From: "Kennedy, Sheila" <s1kennedy**At_Symbol_Here**ucsd.edu>
Subject: [DCHAS-L] low-vision resources | scientific calculators
Date: Thu, 4 Sep 2014 18:14:54 +0000
Reply-To: DCHAS-L <DCHAS-L**At_Symbol_Here**MED.CORNELL.EDU>
This is a list of resources, not an advertisement, as I have no interest in any of these.
When I looked before, I didn’t find much in large-scale calculators that would handle the needs of a chemistry student.
Maybe the market has improved; maybe I didn’t look hard enough, but now I’m finding a lot more.
Several of the talking calculators have only medium-size buttons, but they often include a ‘learn’ function that identifies the
button function before actually entering it. All of the talking calculators seem to come with earphone jacks.
Talking Scientific Calculator (1-07335-01) | $261 – see other prices, below
Orion TI-84 Plus Talking Graphing Calculator (1-07340-00) |$599
Scientific Talking Calculator by Texas Instruments
TI36X (276971) | $249 – same item as above
Accessible Graphing Calculator Software Version 3.0 (999609NW) | $316
Sci-Plus Talking Scientific Calculator Model 300 (756206) | $325
Platon Talking Scientific Calculator (241012) | $266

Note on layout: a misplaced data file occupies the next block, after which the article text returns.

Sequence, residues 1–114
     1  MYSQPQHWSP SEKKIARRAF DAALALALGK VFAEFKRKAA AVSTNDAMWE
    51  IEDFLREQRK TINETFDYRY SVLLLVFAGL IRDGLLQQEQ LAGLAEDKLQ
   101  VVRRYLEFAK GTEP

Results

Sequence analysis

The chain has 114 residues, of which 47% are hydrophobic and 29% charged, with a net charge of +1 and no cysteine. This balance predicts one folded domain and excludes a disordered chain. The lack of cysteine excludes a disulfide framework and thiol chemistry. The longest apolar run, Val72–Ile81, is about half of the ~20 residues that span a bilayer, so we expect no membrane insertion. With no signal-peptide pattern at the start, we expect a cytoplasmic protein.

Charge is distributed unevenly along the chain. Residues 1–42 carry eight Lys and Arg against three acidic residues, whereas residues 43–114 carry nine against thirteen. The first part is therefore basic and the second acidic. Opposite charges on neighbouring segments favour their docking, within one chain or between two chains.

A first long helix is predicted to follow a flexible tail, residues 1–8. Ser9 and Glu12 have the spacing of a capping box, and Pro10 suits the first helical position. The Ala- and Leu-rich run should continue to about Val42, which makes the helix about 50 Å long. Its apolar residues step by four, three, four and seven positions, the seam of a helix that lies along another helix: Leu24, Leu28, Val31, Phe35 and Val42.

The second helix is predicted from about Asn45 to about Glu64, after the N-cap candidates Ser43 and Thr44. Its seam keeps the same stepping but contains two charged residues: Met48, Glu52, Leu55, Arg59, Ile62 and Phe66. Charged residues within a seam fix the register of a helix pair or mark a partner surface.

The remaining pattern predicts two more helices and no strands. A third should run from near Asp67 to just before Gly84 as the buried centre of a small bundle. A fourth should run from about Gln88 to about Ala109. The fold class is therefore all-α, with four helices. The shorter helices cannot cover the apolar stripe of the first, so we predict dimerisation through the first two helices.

Low Vision Scientific Calculator (VI-SAB-LE) | $250
Low Vision Scientific Calculator, talking version (221004) | list $375 (I saw it on sale for $318)
Sci-Plus 300 Large Display Talking Scientific Calculator (87011, 87013) | $325
Low Vision Scientific Calculator (7513451) | $280
Talking Scientific Calculator (758436) | $249 – same item as above
T136X Talking Scientific Calculator (758436) | $249 – same item as above
ViewScreen™ panel presentation tool paired with a TI graphing calculator. Normally set on an overhead projector, this panel can be placed on a sheet of white paper for an individual student.
they also mention their
TI-Presenter™ video interface which can be used with a computer monitor.
Technologies for the Visually Impaired, Inc. is referenced
by several sources, but no longer seems to be on the web (tvi-web.com, domain expired).
Someone at the San Francisco DivCHAS meeting told me about a scientific calculator that would be useful for a student with very low vision.
Previous post | Top of Page | Next post